Sweden’s Östergötland County produced this animation to explain the basics of the EU’s waste-to-energy programs.

“A good number to remember is that three tons of waste contains as much energy as one ton of fuel oil … so there is a lot of energy in waste,” said Göran Skoglund, spokesperson for Öresundskraft, one of the country’s leading energy companies.

So if Sweden burns approximately two million tons of waste annually, that produces roughly 670,000 tons worth of fuel oil energy. And the country needs that fuel to operate its well-developed district heating networks which heat homes in Sweden’s cold winters.

This is why the country has taken advantage of the fact a number of European nations don’t have the capacity to incinerate garbage themselves due to various taxes and bans across the EU that prevent landfill waste. There’s where Sweden comes in to buy garbage other countries can’t dispose of themselves at a reasonable cost.

Packaged garbage waiting for incineration at the Filborna WTE plant.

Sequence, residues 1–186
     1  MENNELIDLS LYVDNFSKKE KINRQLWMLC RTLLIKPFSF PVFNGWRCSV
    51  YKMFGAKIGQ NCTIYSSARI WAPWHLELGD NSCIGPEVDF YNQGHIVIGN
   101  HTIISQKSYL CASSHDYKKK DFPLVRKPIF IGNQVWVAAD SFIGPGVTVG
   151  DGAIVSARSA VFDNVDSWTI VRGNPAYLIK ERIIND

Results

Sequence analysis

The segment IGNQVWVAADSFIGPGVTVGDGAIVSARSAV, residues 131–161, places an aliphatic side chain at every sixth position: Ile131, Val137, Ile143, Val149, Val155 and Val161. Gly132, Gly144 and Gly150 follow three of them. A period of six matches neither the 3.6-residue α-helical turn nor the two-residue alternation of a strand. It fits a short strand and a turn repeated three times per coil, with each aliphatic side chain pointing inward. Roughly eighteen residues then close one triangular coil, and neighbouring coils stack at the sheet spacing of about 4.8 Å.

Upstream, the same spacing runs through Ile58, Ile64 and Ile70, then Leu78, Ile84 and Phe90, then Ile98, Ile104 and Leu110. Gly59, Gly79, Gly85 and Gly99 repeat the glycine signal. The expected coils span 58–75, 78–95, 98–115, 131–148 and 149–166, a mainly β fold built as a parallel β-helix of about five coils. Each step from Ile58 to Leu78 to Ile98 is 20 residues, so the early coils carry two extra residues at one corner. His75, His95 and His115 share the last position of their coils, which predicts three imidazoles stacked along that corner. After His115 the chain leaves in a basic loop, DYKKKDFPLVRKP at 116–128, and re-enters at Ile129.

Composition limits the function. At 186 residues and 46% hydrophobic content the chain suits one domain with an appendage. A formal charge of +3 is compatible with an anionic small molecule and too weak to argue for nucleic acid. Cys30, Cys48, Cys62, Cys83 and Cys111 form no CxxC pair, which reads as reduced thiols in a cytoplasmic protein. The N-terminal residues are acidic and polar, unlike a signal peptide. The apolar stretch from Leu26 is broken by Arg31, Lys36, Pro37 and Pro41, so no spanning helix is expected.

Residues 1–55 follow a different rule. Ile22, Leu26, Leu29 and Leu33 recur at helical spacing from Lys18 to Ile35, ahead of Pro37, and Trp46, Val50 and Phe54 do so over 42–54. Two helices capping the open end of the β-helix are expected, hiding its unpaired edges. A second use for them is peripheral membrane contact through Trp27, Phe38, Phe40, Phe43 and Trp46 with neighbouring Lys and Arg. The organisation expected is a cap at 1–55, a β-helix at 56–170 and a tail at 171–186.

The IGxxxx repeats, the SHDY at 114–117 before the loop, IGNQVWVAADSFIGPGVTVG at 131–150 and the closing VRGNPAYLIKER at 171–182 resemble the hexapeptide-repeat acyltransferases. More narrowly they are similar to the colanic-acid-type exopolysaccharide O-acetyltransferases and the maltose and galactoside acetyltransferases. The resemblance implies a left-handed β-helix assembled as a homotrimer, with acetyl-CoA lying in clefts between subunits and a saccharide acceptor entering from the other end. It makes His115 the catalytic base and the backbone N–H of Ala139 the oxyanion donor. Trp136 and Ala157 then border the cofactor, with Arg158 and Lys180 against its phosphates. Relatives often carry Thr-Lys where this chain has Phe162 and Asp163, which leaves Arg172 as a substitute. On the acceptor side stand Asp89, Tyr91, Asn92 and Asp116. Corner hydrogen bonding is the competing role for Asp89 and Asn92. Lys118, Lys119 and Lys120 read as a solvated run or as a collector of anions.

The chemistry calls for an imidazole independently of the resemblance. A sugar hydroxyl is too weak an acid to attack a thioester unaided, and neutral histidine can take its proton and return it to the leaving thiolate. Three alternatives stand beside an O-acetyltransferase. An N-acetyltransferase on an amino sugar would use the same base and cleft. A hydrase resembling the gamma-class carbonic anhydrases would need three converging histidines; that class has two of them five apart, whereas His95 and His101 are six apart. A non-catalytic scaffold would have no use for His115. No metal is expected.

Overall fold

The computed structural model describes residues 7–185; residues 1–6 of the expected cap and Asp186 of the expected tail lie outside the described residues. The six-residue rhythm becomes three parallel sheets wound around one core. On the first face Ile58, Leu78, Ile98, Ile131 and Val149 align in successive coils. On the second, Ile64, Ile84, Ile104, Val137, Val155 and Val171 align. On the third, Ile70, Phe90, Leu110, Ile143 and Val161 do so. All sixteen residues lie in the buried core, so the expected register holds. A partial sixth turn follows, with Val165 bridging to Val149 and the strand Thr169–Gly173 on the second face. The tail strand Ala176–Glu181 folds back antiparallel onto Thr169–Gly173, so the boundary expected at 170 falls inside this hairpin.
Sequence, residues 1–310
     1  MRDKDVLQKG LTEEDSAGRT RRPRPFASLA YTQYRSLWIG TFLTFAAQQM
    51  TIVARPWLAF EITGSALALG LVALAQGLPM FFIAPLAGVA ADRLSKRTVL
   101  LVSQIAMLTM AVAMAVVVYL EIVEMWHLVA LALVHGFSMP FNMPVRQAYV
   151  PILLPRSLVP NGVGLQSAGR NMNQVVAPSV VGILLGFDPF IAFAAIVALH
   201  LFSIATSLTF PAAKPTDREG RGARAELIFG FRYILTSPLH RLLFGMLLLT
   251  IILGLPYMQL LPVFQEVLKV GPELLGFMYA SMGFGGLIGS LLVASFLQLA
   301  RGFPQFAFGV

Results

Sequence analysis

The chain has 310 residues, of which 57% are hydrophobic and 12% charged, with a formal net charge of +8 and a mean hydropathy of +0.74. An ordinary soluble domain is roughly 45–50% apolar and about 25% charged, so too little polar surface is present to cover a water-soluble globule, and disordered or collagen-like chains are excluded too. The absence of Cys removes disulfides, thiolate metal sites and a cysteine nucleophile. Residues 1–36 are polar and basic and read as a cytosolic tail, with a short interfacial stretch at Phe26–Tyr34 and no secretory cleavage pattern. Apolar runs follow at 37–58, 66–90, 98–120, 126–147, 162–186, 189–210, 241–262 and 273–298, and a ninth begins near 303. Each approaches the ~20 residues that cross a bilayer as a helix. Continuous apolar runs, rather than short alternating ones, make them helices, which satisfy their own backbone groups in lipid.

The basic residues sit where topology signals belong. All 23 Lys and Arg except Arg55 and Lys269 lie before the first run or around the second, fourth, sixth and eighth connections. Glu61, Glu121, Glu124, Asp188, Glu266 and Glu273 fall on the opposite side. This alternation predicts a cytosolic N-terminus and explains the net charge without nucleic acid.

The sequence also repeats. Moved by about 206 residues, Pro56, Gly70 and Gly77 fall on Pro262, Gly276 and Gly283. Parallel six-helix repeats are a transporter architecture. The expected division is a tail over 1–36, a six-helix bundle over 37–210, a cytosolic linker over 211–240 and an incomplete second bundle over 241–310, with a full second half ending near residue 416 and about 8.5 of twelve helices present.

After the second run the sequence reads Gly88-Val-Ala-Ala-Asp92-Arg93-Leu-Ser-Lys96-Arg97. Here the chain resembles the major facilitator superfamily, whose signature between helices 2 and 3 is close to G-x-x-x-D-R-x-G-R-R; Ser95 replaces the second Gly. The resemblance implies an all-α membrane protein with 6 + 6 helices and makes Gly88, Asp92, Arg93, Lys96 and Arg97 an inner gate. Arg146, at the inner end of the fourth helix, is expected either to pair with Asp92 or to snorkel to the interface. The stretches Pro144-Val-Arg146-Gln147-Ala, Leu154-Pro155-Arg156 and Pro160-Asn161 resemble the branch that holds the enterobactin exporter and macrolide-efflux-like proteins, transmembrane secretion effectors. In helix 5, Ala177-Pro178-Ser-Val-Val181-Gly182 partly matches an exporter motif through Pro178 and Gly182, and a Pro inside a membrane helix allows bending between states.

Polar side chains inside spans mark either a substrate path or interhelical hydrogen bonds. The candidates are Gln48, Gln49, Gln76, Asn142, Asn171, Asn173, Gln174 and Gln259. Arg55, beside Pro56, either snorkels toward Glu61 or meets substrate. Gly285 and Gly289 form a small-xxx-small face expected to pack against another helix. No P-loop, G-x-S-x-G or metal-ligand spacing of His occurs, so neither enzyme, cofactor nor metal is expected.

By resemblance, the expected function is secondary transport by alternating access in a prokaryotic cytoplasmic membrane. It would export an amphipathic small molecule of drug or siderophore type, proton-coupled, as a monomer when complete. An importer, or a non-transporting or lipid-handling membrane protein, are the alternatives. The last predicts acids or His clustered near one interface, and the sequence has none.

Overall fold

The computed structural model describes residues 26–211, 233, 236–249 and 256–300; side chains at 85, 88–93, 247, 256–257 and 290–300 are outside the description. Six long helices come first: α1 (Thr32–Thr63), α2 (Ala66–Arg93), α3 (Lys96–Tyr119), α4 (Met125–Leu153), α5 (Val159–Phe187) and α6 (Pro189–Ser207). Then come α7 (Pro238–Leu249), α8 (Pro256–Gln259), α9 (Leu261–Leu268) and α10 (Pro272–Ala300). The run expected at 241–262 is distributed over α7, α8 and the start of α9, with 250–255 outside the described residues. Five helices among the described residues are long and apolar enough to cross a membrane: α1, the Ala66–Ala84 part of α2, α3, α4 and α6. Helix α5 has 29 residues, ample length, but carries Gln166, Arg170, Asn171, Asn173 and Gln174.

But trash burning isn’t without controversy. Some critics claim the process as anything but green because it sends more pollution and toxins into the air.

According to a study in the journal of Environmental Science and Technology, more than 40 per cent of the world’s trash is burned, mostly in open air. It’s a process markedly different from the regulated, low-emission processes Sweden has adopted.

Start-up costs for new incineration plants can get pricey and out of reach for some municipalities depending on the integration of processes used to filter ash and flue gas byproducts. Both contain dioxins, an environmental pollutant.

The incineration process isn’t perfect, but technological advancements and introduction of flue-gas cleaning have reduced airborne dioxins to “very small amounts,” according to the Swedish Environmental Protection Agency.

Unless manufacturers stop making products with materials that can’t be reused or tossed into incinerators, a 100 per cent recycling rate is unlikely to be achieved in our lifetime. Goods that are or contain tile, porcelain, insulation, asbestos, and miscellaneous construction and demolition debris can’t be burned safely; they have to be dumped in landfills.

“The world needs to produce less waste,” explained Skoglund.